District Digest: Old bills in the council and new trains on the Metro
D.C. Council recycles old legislative material
In preparation for their first major meeting of 2013, several lawmakers on the D.C. Council reintroduced old propositions, which were previously not passed.
The tactic is a classic attempt by legislators to seem active and appeal to their constituencies, without actually having to contribute genuinely new legislation and garner support for it.
According to the Washington Examiner, however, some council members are defending this practice, saying that it is a normal part of the legislative process.
“It’s not just window dressing to introduce things yet again. We went over bills that we had that didn’t make it, and we picked out the ones that we think are important and want to fight for again,” said Councilwoman Mary Cheh, who reintroduced five bills to the Council.
Councilman David Catania isn’t buying it. “I’ve always found that empty drums beat the loudest,” he said. “Sometimes, these feel-good measures will capture people’s attention for a minute and leave the impression that these people are actually working.”
Political consultant Chuck Thies attributes the lackluster legislative efforts to last year’s scandals: “On the whole, most council members are still going to try to keep their heads down.”
Metro on track for improvements, while trains derail in the yard
Metro recently announced a proposal to add 327 new positions in the next budget year, according to the Examiner.
The workers will be split up among a variety of positions, but most will be put towards the new Silver Line, which will open in December 2013, and towards improving bus services. Metro intends to hire an additional 1,776 more workers during this calendar year, as part of their planned construction and expansion.
The announcement comes at an inopportune time. A train derailed in the train yard over the weekend.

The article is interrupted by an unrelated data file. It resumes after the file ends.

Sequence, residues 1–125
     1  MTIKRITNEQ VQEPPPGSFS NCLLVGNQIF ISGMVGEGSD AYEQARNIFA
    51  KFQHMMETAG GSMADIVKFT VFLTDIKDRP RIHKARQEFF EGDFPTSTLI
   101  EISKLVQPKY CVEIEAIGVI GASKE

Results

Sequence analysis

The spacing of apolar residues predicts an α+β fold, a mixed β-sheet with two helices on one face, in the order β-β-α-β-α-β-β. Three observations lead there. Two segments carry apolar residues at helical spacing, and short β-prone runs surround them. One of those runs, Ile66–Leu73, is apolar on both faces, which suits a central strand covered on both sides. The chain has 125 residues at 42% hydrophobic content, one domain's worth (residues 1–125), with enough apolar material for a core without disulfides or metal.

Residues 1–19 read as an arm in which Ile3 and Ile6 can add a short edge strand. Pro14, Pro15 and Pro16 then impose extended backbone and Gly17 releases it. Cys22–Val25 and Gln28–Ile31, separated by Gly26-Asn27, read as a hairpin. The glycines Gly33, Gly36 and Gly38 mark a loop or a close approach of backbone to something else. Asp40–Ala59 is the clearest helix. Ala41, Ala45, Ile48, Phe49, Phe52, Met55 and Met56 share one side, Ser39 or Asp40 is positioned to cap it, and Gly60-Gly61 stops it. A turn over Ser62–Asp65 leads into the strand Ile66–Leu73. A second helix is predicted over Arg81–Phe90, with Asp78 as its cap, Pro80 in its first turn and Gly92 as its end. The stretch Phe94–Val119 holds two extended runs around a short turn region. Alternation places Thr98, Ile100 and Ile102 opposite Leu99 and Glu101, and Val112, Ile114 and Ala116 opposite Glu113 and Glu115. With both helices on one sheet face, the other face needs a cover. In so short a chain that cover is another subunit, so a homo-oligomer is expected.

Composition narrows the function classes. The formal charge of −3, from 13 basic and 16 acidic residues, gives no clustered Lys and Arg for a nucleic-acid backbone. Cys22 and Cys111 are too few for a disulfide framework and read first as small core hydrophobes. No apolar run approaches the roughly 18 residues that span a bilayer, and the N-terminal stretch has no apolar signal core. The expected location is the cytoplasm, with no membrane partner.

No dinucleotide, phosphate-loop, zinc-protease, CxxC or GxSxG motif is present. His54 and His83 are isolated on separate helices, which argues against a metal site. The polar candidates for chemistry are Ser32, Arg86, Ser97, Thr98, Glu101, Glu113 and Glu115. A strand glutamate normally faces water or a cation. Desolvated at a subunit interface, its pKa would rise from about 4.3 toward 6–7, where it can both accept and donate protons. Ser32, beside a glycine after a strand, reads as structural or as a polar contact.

No one was on board, besides the conductor. Metro’s planned improvements are sorely needed, since this week’s crash is the third derailment in the last year.
“Meet the Press” host will not be charged for bringing an ammunition clip on air
NBC’s David Gregory escaped charges on Friday, when the D.C. attorney general decided that Gregory committed no crime, saying that he
During a nationally televised interview following the shooting in Newtown, Conn., Gregory waved an unloaded 30-round ammunition clip in the face of an NRA spokesman.
Controversy erupted once observers realized that D.C. has a ban on any ammunition clips that can hold more than 10 rounds, whether they are attached to a gun or not.
The D.C. attorney general, Irvin B. Nathan, said that prosecuting Gregory wouldn’t make the district any safer and the time and resources would be better spent actually preventing violence. “Prosecution would not promote public safety in the District of Columbia, nor serve the best interests of the people,” he wrote in a letter admonishing NBC for obtaining and the ammunition clip.
Gregory’s evasion of arrest sparked criticism from gun advocates, who abhor this selective enforcement of gun laws. Some of them even started a petition to the White House to have David Gregory prosecuted.
“David Gregory is not above the law; he is a journalist, and must be held accountable to the same law as every other person,” the petition reads.